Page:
Dismiss Notice
Join Physics Forums Today!
The friendliest, high quality science and math community on the planet! Everyone who loves science is here!

Homework Help: Taking the integral of xe^ax^2

  1. Dec 21, 2011 #1
    1. The problem statement, all variables and given/known data
    dy/dx=x*e^(ax^2)

    solve the differential equation



    2. Relevant equations
    integral of e^x=e^x


    3. The attempt at a solution
    im not really sure how to do it when there are two variables in the exponent? i tried several things like u=x^2 1/2du=xdx then 1/2*int[e^a*u] results, but i can't take the integral without a different substitution since int[e^a*u] is not = to e^a*u.

    the answer is 1/2a * e^ax^2 + C.. any methods to integrate this? several methods would be best
     
  2. jcsd
  3. Dec 21, 2011 #2

    Mentallic

    User Avatar
    Homework Helper

    Think about how you compute [tex]\frac{d}{dx}e^{f(x)}[/tex]
     
  4. Dec 21, 2011 #3
    a is a constant, keep that in mind . . .
     
  5. Dec 21, 2011 #4
    I solved it with a as a constant and got the right answer, but . . .

    How do i know a is a constant? I can't just assume that can I? What is the proof for a being a constant
     
    Last edited: Dec 21, 2011
  6. Dec 21, 2011 #5

    Mentallic

    User Avatar
    Homework Helper

    Because a is assumed to be a constant in these situations, just as how [itex]\pi[/itex] nearly always represents the irrational number, but in some other cases, it can be mean something completely different, such as representing a product.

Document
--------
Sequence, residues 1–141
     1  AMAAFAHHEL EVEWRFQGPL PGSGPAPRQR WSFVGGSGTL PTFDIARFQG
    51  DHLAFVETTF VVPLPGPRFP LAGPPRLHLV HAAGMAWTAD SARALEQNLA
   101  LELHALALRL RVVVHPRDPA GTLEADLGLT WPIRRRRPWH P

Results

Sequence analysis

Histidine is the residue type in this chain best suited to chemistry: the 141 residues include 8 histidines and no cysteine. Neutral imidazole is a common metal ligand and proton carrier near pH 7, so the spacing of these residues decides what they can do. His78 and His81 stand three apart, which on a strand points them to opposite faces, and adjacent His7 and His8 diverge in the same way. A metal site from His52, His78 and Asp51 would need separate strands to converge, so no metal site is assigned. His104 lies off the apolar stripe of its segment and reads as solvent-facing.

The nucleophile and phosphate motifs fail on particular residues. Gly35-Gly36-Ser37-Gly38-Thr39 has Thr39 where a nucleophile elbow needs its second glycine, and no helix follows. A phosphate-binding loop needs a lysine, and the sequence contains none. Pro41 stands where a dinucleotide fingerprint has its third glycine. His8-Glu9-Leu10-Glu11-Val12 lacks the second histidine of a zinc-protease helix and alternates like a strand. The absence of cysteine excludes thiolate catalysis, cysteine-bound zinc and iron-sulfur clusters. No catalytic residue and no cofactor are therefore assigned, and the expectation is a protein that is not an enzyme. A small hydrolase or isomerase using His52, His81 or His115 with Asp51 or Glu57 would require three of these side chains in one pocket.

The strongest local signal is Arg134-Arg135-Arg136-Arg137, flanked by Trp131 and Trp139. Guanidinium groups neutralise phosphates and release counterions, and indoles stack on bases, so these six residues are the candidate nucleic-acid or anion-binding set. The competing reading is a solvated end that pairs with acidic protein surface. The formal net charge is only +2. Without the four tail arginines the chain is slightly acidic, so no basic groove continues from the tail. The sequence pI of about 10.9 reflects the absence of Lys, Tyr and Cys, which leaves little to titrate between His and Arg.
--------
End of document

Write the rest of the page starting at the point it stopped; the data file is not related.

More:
And if it wasn't a constant, then you can't solve the problem. So which do you think is more likely? :tongue:
     
  7. Dec 22, 2011 #6

    HallsofIvy

    User Avatar
    Science Advisor

    Was the question just "integrate [itex]xe^{ax}[/itex]" or was it to find [itex]\int xe^{ax}dx[/itex]?
     
  8. Dec 22, 2011 #7
    That makes sense but it still bugs me to just assume it is a constant :(

    And to the other person, the question was

    dy/dx=x*e^(ax^2)

    solve the differential equation, so yes it would be integral of x*e^ax^2 dx (except you forgot the squared on top of the x in e's exponent)

    thanks for everybody's help
     
  9. Dec 22, 2011 #8

    epenguin

    User Avatar
    Homework Helper
    Gold Member

    The situation is no different than if you were told to solve dy/dx = a .
     
  10. Dec 22, 2011 #9

    Mentallic

    User Avatar
    Homework Helper

    What's the difference?
     
  11. Dec 22, 2011 #10

    HallsofIvy

    User Avatar
    Science Advisor

    The second, [itex]\int xe^{ax^2} dx[/itex], makes it explicit that the 'variable of integration' is x ("dx") while the first, "integrate [itex]xe^{ax^2}[/itex]", is ambiguous. Of course, it is a standard convention that such things as "x", "y", "z" are used as variables while such things as "a", "b", "c", etc. are used to denote constants.

    If it were [itex]\int xe^{ax^2}da[/itex], it would be [itex](1/x)\int e^{ax^2}+ C[/itex].
     
  12. Dec 22, 2011 #11

    Mentallic

    User Avatar
    Homework Helper

    Yes, but without those standard conventions then we could just as well argue that a=f(x) in the integrand, just as the OP has done.
     
Share this great discussion with others via Reddit, Google+, Twitter, or Facebook